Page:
Single-glazed windows are windows constructed with a single pane of glass (rather than two panes of glass with air trapped inside). Double-paned glass is now the standard, as single panes do not provide anything close to the level of insulation or noise-reduction double-pane windows do. Consider upgrading to double-paned glass if the windows in your home are outdated. Historical homes may choose to keep single-pane windows, but modern homes without historical appeal will significantly benefit from an update.

Installing Replacement Windows Yourself vs. Hiring a Professional

We strongly advise against installing your replacement windows and suggest hiring a licensed contractor. Contractors can typically access better prices on windows since they purchase them wholesale instead of retail. In addition, they are more likely to be equipped to handle any unexpected hiccups that can occur and will help you make sure all local laws and regulations are considered.

We recommend you obtain at least three separate bids from contractors or licensed installers to ensure you receive the best possible price on your project and understand your options. Each request should include the expense of the materials and a prediction of the labor costs for the setup. Consider, too, the reputation and assurances each company makes. Artistry may be guaranteed, and warranties should be discussed before a contract is signed.

In the contract provided to you, the contractor should include information on rates in the event of any unexpected discoveries while on-site, such as mold or wood rot. Building permit costs, site protection clean-up, and the warranty policy for the work done should also be included.

How to Reduce the Cost of Windows Replacement

Look into any rebates from the window manufacturer or utility provider and seasonal offers or discounts from window retailers or installation specialists. Additionally, depending on the state in which you reside, you could be eligible for government incentives.

Since bulk ordering often results in lower prices per item and certain overhead charges for the contractor, buying multiple windows and replacing them all at once may reduce costs for supplies and labor.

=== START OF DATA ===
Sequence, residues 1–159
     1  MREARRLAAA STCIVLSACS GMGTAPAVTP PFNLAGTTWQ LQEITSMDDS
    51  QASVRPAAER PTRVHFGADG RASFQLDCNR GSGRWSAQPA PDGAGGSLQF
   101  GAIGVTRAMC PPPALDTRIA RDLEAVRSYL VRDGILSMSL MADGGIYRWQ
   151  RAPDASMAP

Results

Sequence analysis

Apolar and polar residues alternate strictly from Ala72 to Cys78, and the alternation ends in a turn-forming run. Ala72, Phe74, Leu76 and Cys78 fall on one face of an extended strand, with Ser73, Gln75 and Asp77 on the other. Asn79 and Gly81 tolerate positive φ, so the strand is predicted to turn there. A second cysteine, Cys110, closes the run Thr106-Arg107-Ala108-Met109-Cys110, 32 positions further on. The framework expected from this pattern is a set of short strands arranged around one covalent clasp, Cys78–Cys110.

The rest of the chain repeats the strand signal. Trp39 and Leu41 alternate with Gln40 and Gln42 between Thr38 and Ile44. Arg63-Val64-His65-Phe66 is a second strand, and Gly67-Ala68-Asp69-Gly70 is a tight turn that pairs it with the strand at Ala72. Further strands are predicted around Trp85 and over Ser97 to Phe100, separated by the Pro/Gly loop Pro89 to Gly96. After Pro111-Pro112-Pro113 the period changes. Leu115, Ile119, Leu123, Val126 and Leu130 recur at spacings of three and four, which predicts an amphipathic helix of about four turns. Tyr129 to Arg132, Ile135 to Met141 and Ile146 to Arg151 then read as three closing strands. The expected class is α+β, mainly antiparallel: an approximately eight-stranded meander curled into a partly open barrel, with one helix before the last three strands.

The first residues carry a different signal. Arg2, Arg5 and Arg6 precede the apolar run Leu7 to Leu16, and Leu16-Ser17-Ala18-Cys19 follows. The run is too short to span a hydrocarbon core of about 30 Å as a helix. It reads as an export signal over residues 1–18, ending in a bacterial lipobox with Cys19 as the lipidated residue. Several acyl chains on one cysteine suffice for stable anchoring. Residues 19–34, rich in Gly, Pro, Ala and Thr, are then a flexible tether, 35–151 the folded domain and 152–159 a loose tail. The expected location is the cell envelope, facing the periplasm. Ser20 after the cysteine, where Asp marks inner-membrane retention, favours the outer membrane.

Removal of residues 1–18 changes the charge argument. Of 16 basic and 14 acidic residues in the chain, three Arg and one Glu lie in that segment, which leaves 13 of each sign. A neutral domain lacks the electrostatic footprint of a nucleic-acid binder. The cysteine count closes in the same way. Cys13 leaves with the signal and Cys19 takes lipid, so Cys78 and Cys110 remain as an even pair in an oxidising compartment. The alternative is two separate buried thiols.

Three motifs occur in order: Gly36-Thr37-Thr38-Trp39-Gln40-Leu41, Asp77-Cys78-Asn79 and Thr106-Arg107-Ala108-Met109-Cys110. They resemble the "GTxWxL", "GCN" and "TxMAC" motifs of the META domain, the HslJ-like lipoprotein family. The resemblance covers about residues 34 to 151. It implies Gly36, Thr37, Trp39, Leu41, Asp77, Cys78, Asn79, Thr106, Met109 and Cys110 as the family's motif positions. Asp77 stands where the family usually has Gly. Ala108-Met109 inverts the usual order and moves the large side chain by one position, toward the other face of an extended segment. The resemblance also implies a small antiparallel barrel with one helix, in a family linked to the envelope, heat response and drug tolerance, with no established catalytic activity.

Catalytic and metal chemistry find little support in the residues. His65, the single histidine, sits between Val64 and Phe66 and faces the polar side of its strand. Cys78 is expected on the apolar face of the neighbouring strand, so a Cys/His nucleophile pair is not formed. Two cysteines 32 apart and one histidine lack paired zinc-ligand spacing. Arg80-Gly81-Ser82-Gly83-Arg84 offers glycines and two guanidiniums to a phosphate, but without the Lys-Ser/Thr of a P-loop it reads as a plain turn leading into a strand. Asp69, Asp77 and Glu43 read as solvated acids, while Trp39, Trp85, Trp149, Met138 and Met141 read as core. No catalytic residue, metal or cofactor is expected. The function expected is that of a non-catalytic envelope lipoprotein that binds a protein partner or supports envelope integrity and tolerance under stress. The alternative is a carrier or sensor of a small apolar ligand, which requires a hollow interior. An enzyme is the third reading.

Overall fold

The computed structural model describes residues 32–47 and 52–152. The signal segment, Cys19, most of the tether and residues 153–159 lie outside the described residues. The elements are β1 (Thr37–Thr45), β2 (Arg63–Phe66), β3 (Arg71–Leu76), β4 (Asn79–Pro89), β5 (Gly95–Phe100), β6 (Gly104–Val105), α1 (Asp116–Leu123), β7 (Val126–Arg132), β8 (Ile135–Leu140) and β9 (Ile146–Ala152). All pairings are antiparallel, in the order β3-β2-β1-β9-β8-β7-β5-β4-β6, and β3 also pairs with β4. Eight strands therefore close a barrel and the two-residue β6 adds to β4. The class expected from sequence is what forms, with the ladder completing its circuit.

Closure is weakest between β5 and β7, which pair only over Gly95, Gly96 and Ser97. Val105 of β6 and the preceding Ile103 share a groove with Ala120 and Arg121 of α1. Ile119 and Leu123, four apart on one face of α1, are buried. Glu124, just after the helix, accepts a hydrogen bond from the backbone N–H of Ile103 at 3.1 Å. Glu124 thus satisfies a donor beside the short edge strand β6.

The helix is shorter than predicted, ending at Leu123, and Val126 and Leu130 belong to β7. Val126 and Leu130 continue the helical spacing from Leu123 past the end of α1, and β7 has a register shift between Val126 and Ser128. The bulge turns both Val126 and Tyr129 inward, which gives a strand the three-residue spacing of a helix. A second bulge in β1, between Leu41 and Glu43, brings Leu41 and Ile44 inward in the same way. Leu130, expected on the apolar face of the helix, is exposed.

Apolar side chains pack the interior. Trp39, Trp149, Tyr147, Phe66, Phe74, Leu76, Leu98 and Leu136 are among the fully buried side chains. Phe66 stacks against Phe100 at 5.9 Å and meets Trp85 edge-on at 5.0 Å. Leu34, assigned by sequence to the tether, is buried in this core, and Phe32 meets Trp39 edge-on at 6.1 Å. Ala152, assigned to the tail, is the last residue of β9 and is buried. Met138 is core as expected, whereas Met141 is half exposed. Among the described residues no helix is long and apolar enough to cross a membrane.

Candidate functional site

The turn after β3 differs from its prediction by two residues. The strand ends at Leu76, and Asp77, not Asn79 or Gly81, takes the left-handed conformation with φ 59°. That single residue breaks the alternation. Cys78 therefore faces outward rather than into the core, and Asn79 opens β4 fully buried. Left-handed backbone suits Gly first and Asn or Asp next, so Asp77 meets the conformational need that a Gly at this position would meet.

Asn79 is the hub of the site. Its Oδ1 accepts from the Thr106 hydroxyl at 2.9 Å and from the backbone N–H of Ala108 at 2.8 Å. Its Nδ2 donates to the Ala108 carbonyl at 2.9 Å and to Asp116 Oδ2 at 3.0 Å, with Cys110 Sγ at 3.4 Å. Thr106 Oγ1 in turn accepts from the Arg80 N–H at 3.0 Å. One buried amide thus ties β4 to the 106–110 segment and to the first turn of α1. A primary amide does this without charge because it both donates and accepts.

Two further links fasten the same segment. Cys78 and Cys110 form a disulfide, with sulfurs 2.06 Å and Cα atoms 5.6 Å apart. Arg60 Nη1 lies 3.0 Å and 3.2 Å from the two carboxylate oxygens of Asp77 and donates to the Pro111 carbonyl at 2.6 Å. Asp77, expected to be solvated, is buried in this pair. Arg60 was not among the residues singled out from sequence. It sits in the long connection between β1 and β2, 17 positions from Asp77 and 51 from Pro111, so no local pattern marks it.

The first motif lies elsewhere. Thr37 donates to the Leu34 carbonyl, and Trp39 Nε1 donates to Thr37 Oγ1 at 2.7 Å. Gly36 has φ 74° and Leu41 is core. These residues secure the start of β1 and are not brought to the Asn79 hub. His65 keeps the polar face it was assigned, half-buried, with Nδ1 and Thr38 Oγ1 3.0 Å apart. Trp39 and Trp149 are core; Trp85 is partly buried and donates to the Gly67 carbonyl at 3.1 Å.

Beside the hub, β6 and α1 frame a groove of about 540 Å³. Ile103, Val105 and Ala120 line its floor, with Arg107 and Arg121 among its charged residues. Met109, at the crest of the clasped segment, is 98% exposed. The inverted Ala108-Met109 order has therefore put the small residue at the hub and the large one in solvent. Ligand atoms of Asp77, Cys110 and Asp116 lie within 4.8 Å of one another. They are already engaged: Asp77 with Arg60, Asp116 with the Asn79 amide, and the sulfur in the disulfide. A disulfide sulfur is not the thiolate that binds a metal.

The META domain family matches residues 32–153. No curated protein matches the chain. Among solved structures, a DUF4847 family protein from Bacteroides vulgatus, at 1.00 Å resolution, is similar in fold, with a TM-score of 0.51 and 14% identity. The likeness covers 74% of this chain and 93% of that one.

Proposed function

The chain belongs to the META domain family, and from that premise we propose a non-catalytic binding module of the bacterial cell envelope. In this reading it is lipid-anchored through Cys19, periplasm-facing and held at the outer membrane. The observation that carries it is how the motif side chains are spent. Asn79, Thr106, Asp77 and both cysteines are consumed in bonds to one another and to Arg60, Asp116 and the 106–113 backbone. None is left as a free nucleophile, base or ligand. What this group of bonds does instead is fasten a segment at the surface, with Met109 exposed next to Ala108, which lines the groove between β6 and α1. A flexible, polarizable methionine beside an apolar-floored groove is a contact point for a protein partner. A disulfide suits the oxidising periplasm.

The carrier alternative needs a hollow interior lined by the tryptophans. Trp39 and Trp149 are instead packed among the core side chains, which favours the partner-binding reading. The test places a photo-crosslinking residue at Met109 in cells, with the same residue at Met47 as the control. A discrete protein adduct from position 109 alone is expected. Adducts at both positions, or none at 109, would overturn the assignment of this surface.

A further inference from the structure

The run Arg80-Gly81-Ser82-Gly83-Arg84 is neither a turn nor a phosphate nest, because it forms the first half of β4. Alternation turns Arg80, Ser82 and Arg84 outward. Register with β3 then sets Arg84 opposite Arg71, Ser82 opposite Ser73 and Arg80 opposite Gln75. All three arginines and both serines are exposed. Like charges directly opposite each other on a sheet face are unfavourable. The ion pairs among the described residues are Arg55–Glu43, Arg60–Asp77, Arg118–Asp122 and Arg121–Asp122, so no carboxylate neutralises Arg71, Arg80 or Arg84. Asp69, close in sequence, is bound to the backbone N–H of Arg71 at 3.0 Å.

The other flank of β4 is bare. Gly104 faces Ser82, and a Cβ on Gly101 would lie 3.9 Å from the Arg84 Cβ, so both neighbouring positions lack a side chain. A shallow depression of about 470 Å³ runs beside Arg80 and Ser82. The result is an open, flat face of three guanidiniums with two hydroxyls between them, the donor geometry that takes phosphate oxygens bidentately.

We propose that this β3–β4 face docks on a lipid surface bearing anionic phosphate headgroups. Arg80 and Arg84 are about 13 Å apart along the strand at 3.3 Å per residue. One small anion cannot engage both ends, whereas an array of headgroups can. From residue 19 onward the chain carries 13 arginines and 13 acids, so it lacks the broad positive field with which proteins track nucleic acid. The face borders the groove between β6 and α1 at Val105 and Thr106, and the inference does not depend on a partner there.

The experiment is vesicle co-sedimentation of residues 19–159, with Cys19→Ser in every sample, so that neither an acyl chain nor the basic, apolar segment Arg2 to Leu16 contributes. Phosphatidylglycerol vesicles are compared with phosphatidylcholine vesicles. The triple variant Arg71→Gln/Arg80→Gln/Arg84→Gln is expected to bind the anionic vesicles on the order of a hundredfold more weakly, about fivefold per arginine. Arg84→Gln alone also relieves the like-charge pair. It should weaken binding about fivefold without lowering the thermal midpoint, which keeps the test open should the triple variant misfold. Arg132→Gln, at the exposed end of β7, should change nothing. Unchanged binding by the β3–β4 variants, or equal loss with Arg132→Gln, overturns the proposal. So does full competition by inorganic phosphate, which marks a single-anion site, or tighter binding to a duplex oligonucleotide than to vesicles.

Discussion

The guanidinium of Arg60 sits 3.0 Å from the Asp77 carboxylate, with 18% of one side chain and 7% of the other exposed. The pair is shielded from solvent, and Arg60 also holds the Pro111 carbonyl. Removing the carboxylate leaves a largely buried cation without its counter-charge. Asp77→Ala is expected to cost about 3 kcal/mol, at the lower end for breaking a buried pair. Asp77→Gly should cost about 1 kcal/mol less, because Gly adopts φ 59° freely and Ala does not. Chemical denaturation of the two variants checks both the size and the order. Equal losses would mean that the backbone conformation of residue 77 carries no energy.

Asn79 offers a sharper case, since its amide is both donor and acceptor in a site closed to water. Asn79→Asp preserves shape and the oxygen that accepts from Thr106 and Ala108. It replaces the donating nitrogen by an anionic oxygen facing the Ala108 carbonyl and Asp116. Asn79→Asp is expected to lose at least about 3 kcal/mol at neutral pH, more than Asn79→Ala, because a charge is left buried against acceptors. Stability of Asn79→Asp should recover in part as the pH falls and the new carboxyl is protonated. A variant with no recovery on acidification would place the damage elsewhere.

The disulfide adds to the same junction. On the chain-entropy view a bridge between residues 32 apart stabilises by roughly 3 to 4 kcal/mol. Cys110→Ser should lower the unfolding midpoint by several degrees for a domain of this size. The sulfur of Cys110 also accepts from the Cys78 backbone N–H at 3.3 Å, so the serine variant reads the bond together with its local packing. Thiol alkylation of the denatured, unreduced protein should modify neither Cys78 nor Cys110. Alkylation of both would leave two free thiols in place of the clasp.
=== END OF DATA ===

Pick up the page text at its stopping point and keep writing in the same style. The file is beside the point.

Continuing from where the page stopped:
Editorial team members questioned a variety of four providers on a national and local level to get the average prices in this article. All averaged numbers were accurate as of publishing but are subject to change.


Are new windows for a house worth the cost?

Yes, upgrading your home’s windows is worth the expenditure if it fits inside your budget. Replacement windows may improve your home’s insulation, decrease noise, and save energy expenditures for heating and cooling.

In addition, window replacements offer one of the most excellent cost-to-value returns of any restoration project, ranging from 71% to 78% at resale, even though new windows typically last 15 to 25 years (if properly installed and maintained). This implies that if you sell your house after replacing your windows, you will probably recover most of the expense since your property’s value will increase.

How often should windows be replaced?

If installed and maintained correctly, windows should typically last 15 to 25 years before needing replacement. A window could be replaced if it is broken or damaged (for instance, if a wooden window has rotted). Window repairs may be preferable to a complete window replacement in certain circumstances.

Is replacing all the windows at once less expensive?

Buying your windows in bulk and replacing them all at once will reduce costs per window. Usually, doing so will result in lower installation labor expenses. However, some people may find the initial payment of replacing every window to be exorbitant, so it’s crucial to work within the limits of your budget.

When is the ideal time of year to replace windows?

Although replacement windows may be fitted anytime, many regions like the fall because of its dry and temperate weather. Experts may swiftly install these windows, with precautions to keep out excessively hot or cold air. Additionally, spring and summer are often the “busy” seasons for window replacement, so the autumn and winter seasons are when you are most likely to get discounts and have better access to technicians.

Will window prices go down this year?

The cost of raw materials and glass has significantly increased in recent years. We do not anticipate a significant drop in the price of windows in 2023 because of this persistent trend and inflation in most markets.

Can I change my windows on my own?

Although replacing the windows on your own is feasible, unless you have vast expertise, we strongly advise contacting a professional. When measuring and installing new windows, there are many aspects to consider. A skilled specialist can ensure your replacement is functional, visually attractive, and complies with all code requirements.

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Hi there, my name is Rami. I have worked in automotive media and reported on the buying, selling, and servicing of cars for various industry publications. I also write about classic cars and love telling the stories of the people, trends, and culture behind them. I am a lifelong enthusiast, working on many vehicles - from 1960s cars to Fiats and MGs to modern-day machines.